with the parent. How this is brought about, so that the simple zoophyte becomes a united family, and in time a body corporate, may now be considered. Rightly to understand this, we must contemplate the various modes of reproduction in these simpler animals, - modes which appear to be the more varied and curious as we descend in the scale, beginning with that peculiar operation, so characteristic of the very lowest races, in which the simple polyps“ go halvės" by what the physiologists term fissiparous reproduction. In this way division is made to accomplish the ordinary result of union. A solitary individual splits up into two, each laving an equal claim to be considered the parent of the other, and each equally capable of further multiplication by this odd way of pairing. This is one of the methods by which the proper Infusoria multiply at such a rapid rate.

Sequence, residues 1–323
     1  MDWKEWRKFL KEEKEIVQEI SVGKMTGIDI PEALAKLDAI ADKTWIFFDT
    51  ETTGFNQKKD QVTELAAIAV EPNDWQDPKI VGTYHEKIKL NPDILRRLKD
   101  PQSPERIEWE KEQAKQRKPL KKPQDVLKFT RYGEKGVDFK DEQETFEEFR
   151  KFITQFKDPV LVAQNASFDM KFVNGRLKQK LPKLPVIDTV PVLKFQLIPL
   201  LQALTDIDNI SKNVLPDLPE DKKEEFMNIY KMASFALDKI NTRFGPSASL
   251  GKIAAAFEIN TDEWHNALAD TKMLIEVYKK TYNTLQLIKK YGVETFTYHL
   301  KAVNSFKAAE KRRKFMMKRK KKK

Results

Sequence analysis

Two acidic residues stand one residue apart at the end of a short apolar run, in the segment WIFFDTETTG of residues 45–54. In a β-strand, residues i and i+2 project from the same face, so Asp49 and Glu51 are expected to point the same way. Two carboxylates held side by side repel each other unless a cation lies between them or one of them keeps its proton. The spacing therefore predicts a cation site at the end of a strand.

Among zoophytes, if the Hydra does not propagate exactly after this fashion, it is capable of doing so with a little adventitious aid, as was shown by those well known experiments of Trembley, who kindly assisted nature by cutting full grown individuals in pieces, and amused himself by observing each portion become a perfect Hydra ;— the tail end, in the course of two or three days, producing a head, and the head end completing itself posteriorly by a tail. In case of a three-fold division, not only will the tail produce a head and the head a tail, but a head will grow from one end of the middle section and á tail from the other, so that the animal is speedily completed in triplicate. Continuing his experiments, Trembley found that "two polyps may be made to change heads, for the head of one may be engrafted on the body of another” ; and if the tail of one individual be placed in the mouth of another, the two heterogeneous extremities readily unite, so as to confound all our notions of personal identity. It cannot further surprise us that animals so indifferent whether they wear their own heads or their neighbours' should be equally indifferent whether they have any heads at all. Our author accordingly informs us, that certain aggregate zoöphytes of the order Hydroidea cast their heads at pleasure, as a lobster does his shell, or a tree its leaves in autumn ; new ones springing up again after a short interval, fresh and young, to supply the place of those which were effete or addled. Thus, in a Tubularia, Mr. Harvey observed, after he had kept his specimens two days, that they began to look unhealthy, and on ·